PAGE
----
“TPS alone will not stop nuisance calls” – Which? response to Ofcom and ICO’s Telephone Preference Service research

Richard Lloyd Which? executive director and chairman of the new independent nuisance call Task Force said:

“The more people sign up to the Telephone Preference Service the better, but this research confirms that the TPS alone will not stop nuisance calls once and for all.

“Companies need to play by the rules that are there to protect consumers from unwanted calls, and those that don’t must be punished by the regulators. People should also look carefully at what they are agreeing to when they tick a consent box and check how their personal information is being used.”

Notes to Editors

1. Which? launched its Calling Time on Nuisance Calls campaign, after finding eight in 10 people had received a nuisance call on their land line in the previous month. Eight in 10 people found these calls an annoying interruption, while one third felt intimidated by them.

2. Over 112,000 supporters have backed the Which? campaign and you can log your complaint about an unwanted call or text through the Which? Nuisance calls complaint tool

3. There is a new task force, devised as part of the Government’s Action Plan on nuisance calls, which is chaired by our executive director, Richard Lloyd, with membership including The Direct Marketing Association, Call Credit, the Customer Contact Association, the Ministry of Justice, the Communications Consumer Panel, the Information Commissioner’s Office and Ofcom. The new Task Force will look at the following issues and will report back to Government with its findings later this year:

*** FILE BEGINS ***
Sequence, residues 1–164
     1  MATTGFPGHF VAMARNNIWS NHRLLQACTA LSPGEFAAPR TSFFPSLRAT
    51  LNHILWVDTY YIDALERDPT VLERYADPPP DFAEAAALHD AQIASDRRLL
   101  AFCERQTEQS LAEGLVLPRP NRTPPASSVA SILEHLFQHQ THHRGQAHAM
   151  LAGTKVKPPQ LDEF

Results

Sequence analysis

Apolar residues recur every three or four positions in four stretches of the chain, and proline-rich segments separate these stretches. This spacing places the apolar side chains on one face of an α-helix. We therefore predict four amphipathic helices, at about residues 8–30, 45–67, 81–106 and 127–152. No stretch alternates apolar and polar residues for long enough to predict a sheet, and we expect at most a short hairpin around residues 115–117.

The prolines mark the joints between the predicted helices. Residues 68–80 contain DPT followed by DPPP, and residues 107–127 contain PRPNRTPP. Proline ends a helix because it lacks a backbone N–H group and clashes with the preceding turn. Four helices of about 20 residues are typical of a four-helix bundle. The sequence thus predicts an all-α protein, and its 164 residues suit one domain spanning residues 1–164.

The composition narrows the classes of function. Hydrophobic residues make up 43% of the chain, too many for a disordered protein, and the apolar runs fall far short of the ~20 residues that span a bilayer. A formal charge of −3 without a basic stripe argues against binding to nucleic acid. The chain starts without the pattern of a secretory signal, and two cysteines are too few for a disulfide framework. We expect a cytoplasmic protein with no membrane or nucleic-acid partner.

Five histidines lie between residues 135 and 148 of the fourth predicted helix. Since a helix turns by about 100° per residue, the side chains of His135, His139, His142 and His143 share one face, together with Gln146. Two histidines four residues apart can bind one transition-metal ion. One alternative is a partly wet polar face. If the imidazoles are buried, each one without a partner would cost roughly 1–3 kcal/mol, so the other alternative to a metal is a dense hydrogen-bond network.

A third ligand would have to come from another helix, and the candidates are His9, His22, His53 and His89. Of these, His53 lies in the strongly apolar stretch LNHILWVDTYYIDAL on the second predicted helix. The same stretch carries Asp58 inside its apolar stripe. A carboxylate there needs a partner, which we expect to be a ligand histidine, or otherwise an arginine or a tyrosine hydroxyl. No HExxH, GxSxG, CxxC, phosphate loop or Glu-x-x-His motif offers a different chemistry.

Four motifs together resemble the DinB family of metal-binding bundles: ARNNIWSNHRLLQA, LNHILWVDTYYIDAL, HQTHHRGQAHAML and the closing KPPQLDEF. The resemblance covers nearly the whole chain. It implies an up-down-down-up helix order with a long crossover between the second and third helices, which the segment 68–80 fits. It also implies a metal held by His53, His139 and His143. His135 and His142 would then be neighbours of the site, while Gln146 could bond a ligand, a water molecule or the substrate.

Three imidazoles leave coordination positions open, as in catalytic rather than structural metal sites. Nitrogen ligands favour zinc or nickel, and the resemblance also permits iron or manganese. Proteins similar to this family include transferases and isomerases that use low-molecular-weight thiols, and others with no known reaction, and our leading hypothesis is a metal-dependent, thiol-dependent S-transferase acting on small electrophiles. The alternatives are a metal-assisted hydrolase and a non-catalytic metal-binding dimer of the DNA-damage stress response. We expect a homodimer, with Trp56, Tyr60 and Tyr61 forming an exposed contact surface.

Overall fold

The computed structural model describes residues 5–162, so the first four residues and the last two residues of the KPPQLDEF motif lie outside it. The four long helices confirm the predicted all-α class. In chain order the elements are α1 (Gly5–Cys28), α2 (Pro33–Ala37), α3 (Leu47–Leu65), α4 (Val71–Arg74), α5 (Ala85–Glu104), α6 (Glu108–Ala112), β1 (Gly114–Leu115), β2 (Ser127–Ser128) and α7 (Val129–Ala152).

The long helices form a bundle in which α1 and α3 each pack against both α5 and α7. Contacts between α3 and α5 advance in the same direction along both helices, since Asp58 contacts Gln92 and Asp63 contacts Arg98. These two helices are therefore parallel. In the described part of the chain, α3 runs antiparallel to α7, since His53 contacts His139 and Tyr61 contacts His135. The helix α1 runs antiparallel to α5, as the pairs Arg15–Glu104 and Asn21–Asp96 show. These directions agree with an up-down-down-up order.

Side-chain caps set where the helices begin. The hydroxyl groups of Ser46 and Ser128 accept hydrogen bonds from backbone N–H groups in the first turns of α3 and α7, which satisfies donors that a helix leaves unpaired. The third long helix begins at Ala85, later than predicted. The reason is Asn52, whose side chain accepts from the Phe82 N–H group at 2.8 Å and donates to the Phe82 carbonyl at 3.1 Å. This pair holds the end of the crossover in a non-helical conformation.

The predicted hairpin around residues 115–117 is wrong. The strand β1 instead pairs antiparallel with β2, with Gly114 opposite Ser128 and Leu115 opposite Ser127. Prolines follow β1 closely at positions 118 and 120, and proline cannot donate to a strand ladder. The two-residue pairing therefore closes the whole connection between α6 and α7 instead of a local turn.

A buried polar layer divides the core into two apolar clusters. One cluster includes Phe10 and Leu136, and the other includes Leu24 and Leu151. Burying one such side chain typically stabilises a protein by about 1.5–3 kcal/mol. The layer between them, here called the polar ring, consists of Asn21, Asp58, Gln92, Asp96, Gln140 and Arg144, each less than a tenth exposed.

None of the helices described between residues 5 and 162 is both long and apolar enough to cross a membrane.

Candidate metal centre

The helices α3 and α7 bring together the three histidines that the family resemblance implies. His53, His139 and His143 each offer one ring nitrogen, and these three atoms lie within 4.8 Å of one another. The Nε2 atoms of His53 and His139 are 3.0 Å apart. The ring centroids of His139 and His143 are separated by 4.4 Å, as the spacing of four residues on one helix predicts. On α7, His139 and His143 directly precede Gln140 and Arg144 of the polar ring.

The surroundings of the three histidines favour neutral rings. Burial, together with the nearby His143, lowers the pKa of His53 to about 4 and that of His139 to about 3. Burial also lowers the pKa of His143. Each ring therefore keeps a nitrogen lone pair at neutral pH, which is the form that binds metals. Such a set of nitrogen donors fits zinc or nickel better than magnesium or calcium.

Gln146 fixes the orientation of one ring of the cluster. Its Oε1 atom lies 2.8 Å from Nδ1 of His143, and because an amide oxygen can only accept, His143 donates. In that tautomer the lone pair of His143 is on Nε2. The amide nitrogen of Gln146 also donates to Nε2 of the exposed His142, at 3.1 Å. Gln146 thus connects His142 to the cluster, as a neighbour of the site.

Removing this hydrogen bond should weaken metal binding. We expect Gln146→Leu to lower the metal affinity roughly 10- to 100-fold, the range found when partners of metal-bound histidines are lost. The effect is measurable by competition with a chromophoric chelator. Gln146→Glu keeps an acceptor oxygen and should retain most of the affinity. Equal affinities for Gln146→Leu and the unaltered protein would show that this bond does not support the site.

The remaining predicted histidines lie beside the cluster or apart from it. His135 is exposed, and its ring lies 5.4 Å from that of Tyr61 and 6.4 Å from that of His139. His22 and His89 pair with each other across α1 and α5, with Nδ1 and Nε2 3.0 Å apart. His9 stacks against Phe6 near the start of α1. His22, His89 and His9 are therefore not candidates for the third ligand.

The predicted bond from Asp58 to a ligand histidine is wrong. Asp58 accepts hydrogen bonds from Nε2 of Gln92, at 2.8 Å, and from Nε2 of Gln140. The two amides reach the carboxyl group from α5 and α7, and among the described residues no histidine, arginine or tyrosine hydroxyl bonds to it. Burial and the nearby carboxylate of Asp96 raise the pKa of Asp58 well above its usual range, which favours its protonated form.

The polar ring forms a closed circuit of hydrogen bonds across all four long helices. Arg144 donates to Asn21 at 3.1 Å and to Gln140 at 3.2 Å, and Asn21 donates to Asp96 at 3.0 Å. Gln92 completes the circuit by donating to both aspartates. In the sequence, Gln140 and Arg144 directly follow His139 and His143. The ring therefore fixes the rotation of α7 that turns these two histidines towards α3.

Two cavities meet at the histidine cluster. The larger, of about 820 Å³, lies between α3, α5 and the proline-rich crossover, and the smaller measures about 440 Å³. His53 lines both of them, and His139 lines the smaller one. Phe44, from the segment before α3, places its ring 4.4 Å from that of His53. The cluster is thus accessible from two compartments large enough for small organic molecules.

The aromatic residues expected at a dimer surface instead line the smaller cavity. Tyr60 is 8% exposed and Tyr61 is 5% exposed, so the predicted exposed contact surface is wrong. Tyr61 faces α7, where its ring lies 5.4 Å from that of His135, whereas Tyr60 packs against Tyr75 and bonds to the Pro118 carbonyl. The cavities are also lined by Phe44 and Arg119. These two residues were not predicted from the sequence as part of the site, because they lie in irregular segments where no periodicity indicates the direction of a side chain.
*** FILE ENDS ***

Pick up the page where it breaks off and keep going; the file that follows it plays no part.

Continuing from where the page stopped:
Definition of consent – especially whether people are giving informed consent

Clarity of information provided by marketing companies

Methods of obtaining consent – whether consent is opt-in or opt-out or through pre-ticked boxes

Consistency across Channels  looking at requirements of different channels (email, text, phone)

Time-limits – how long consent should last once it has been given

Usage – how data can be used and shared once consent has been given

Record Keeping – how do firms demonstrate consent has been obtained legally

Responsibility – the relationship between lead generators and companies conducting marketing activities and who is responsible for obtaining consent.

4. We have lots of information for consumers about how to avoid getting nuisance calls and texts on our website:




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